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National Estuaries Day
Get the most out of National Estuaries Day (October 5, 2002) by visiting this Web site from the National Oceanic and Atmospheric Administration (NOAA). Follow a link to Estuary Live!, which offers online interactive fieldtrips through a number of estuaries around the nation. Guided tours of eight estuaries will be webcast live October 3 and 4, supplemented by videos from a number of other estuaries. Internet participants "will have an opportunity to see the fascinating creatures that make estuaries their home and experience the diversity of estuarine ecosystems." Viewers may submit questions during the webcasts or videos, which will be answered by tour guides and educators from the featured estuaries. Click on About Estuaries for an introduction to estuarine ecosystems and for links to a number of Web sites that "provide general information, curriculums and helpful references on estuaries." [RS]
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Kids Genetics [Flash]
Drug company GlaxoSmithKline offers this online genetics tutorial designed for kids. The tutorial presents lessons on DNA, genes, heredity, genetic susceptibility to disease, and the role of genetic markers in predetermining risk of disease and medicinal response. Each subject page includes a description of the topic, plus loads of interactive educational games and activities. The educational games are especially well done, although the cartoon-style presentation, which is intended for younger students, can seem somewhat at odds with the relatively advanced material. The additional animated features provided for each subject are presented in a format more appropriate for older students. In all, this Web site offers an in-depth introduction to genetics. [RS]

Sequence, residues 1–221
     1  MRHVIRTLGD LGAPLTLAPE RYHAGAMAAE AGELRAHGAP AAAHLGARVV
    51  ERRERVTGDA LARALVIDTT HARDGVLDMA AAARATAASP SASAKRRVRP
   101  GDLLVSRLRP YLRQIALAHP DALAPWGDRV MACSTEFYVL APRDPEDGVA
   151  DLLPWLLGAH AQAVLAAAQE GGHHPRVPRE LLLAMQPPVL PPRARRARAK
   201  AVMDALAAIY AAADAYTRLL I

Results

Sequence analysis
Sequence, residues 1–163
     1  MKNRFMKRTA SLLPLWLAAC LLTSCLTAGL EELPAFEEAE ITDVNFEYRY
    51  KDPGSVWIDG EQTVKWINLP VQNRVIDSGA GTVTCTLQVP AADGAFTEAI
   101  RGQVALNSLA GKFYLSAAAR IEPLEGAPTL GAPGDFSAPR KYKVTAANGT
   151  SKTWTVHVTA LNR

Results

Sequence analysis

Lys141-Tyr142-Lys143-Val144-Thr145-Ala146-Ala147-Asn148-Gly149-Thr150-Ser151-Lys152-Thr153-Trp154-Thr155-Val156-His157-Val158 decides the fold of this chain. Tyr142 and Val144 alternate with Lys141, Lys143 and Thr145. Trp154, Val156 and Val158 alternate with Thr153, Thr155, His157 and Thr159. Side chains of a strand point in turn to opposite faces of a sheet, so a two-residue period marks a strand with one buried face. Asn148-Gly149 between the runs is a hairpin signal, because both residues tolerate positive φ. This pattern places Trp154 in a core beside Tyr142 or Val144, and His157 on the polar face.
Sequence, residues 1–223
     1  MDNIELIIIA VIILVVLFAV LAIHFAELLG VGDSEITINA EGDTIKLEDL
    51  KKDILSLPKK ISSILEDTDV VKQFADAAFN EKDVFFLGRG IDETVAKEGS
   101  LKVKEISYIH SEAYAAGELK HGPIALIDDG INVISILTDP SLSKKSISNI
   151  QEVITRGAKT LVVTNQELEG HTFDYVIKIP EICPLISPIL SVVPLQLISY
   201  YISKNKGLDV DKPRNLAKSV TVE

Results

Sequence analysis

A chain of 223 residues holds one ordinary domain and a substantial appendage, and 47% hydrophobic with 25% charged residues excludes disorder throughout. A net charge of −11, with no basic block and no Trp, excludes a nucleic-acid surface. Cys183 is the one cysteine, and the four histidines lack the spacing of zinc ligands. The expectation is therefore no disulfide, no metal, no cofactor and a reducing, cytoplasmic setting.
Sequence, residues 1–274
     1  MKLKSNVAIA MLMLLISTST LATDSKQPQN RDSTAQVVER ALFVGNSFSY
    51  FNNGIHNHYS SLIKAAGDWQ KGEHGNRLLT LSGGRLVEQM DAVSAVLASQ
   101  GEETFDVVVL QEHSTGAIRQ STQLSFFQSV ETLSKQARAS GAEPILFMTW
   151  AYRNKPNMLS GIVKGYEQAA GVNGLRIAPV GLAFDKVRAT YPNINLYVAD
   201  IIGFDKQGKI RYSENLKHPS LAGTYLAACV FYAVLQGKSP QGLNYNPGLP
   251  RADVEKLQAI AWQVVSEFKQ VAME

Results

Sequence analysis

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Biology in Motion [Flash]